• obtain separate legal advice in certain circumstances (see, for example, Barclays Bankplc v. OBrien16 and National Westminster Bank plc v. Morgan17). It is clear that thelaw disapproves of any apparent or real conflict of interest where one professional isadvising more than one party.Conflicts of interest can also arise when an individual or firm, having advised oneparty to a dispute or transaction, subsequently wishes to advise another party to thesame dispute or transaction in relation to the same matter or different matters. Such asituation can arise, as in the Canadian case of Martin v. Gray18, where a formeremployee of a firm advising one party joins the firm advising another. In that case theCanadian Supreme Court applied a two-stage test: did the lawyer actually receiverelevant confidential information as part of the lawyer-client relationship from thefirst party, and, if so, would a ‘reasonable objective person’ perceive a risk that theinformation will be used to prejudice that party?This appears a sensible approach. It allows the court to exercise its discretion in thesecond leg of the test in assessing whether any confidential information would bepassed between the former employee and the lawyers engaged by the other party, orconversely whether effective ‘Chinese walls’ are in place to prevent this. RecentAustralian case law also follows this general approach19.The recent landmark decision of the House of Lords in Prince Jefri Bolkiah v.KPMG20 has, however, broken new ground in the area of conflicts of interest andChinese walls. The facts of the case and the detail of its progress through the courtsare complex. In summary, the plaintiff, a brother of the Sultan of Brunei, hadpreviously engaged KPMG to undertake a very extensive financial investigation. Thisresulted in KPMG becoming very familiar with a large amount of confidentialinformation relating to the plaintiff’s assets and the manner of their ownership. Thefirm was then asked by the Brunei government to assist in an investigation of thefinancial affairs of the organisation that, under the plaintiff’s chairmanship, managedthe government’s general reserve fund. KPMG recognised that the interests of thisinvestigation might conflict with the plaintiff’s interests. However, the firm concludedthat the assignment could be accepted because the plaintiff was no longer a client andadequate Chinese walls could be constructed to prevent confidential informationconcerning the plaintiff being disclosed to the investigation team. KPMG did not seekthe plaintiff’s approval for their involvement in the investigation.In unanimously allowing the appeal from the Court of Appeal’s discharge of aninjunction restraining KPMG from acting in the investigation, the House of Lords seta very high standard for the duty to keep information confidential. Lord Millett said: “Whether founded on contract or equity, the duty to preserve confidentiality is unqualified. It is a duty to keep the information confidential, not merely to take all reasonable steps to do so. Moreover, it is not merely a duty not to communicate the information to a third party. It is a duty not to misuse it, that is to say, without the consent of the former client to make any use of it or to cause any use to be made of it by others16 [1993] Q.B. 109; [1992] 3 W.L.R. 593; [1992] 4 All E.R. 983 (CA); [1994] 1 A.C. 180 (HL).17 [1985] A.C. 686; [1985] 2 W.L.R. 588; [1985] 1 All E.R. 821.18 [1991] 1 W.W.R. 705; sub. nom. MacDonald Estate v. Martin [1990] 3 S.C.R. 1235.19 Carindale Country Club Estate Pty Ltd v. Astill [1993] 115 A.L.R. 112; 42 F.C.R. 307.20 [1999] 2 A.C. 222. 9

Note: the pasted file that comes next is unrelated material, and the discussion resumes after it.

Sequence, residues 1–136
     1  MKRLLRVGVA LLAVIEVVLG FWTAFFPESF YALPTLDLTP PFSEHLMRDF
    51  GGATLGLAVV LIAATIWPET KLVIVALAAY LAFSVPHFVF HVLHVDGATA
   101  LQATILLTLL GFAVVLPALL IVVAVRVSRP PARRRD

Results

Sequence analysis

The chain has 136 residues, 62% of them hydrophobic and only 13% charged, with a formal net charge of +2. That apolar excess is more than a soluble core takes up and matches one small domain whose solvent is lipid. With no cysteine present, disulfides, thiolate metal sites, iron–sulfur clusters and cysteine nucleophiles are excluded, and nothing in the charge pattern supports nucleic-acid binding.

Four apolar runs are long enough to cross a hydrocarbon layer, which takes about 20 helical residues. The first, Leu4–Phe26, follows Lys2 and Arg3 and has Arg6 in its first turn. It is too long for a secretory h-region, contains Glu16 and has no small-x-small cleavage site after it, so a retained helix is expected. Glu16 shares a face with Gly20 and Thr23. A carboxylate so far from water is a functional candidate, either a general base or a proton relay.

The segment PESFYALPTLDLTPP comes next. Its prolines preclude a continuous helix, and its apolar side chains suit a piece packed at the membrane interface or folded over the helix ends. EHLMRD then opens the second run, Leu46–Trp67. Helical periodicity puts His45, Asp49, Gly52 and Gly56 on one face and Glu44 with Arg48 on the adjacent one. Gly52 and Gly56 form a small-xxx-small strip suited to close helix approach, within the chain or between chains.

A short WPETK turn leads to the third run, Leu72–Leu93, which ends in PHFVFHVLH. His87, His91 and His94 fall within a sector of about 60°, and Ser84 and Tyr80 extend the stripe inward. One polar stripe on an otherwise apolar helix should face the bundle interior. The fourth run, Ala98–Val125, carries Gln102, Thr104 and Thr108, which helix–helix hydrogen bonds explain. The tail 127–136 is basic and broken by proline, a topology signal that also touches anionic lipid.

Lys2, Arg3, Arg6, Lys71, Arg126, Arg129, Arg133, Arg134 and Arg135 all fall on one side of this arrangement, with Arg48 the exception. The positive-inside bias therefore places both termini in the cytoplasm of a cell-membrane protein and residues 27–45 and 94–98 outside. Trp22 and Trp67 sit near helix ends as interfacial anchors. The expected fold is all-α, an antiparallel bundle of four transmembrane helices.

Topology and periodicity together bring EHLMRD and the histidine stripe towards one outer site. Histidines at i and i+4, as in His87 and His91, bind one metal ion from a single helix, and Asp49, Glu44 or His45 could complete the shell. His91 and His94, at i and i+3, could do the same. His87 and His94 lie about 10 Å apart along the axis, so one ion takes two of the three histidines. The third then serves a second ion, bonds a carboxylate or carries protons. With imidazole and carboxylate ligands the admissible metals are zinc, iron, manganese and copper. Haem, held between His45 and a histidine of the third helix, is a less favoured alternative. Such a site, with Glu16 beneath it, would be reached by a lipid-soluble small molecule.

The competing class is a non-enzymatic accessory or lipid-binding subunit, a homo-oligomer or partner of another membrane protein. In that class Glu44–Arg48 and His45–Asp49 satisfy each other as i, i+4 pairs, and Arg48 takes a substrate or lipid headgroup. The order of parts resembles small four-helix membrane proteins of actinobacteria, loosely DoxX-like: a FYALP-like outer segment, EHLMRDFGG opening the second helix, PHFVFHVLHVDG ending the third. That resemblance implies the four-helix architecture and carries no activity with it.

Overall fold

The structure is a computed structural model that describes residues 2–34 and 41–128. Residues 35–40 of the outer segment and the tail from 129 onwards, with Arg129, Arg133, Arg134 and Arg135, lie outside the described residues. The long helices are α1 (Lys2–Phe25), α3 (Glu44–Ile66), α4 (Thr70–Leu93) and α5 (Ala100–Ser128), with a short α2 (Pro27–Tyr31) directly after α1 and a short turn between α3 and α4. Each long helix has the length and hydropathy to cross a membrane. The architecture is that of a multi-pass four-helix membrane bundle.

• otherwise than for his benefit. The former client cannot be protected completely from accidental or inadvertent disclosure. But he is entitled to prevent his former solicitor from exposing him to any avoidable risk; and this includes the increased risk of the use of the information to his prejudice arising from the acceptance of instructions to act for another client with an adverse interest in a matter to which the information is or may be relevant.”21He went on to deal with the importance of a perception of confidentiality as well as itsreality. He said: “It is of overriding importance for the proper administration of justice that a client should be able to have complete confidence that what he tells his lawyer will remain secret. This is a matter of perception as well as substance. … the court should intervene unless it is satisfied that there is no risk of disclosure. It goes without saying that the risk must be a real one, and not merely fanciful or theoretical. But it need not be substantial.”22In relation to the effectiveness of Chinese walls, Lord Millett had this to say: “There is no rule of law that Chinese walls or other arrangements of a similar kind are insufficient to eliminate the risk. But the starting point must be that, unless special measures are taken, information moves within a firm. … The Chinese walls which feature in the present case, however, were established ad hoc and were erected within a single department. … In my opinion an effective Chinese wall needs to be an established part of the organizational structure of the firm, not created ad hoc and dependent on the acceptance of evidence sworn for the purpose by members of staff engaged on the relevant work.”23This decision has far-reaching implications for the management of perceived andactual conflicts of interest in all professions. Professional firms would be ill-advisedto ignore its implications. In particular, a simple solution is the adoption of a blanketpolicy of refusing all new work, in situations where information has previously beenobtained from a client and new work would involve ‘the acceptance of instructions toact for another client with an adverse interest in a matter to which the information isor may be relevant’. It is safe to assume that the law will generally perceive a conflict of interest to arise where any partner in the firm or any member of staff engaged on the assignment holds a financial interest of any kind in a party to a dispute or transaction in which the firm is engaged. This is because such an interest will give rise to at least a perception of, if not actual, impairment of independence in advising a party to the dispute or transaction.SELECTING EXPERT ACCOUNTANTSChoosing an expert has always been a critical element in litigation case management.If a decision is made to appoint an independent expert then it is critical that the rightperson is selected. A poor appointment could have a significant impact on theoutcome of the case. The process of selecting a forensic accountant requires careful21 ibid., at pages 235 – 236.22 ibid., at pages 236 - 237.23 ibid., at pages 237, 239. 10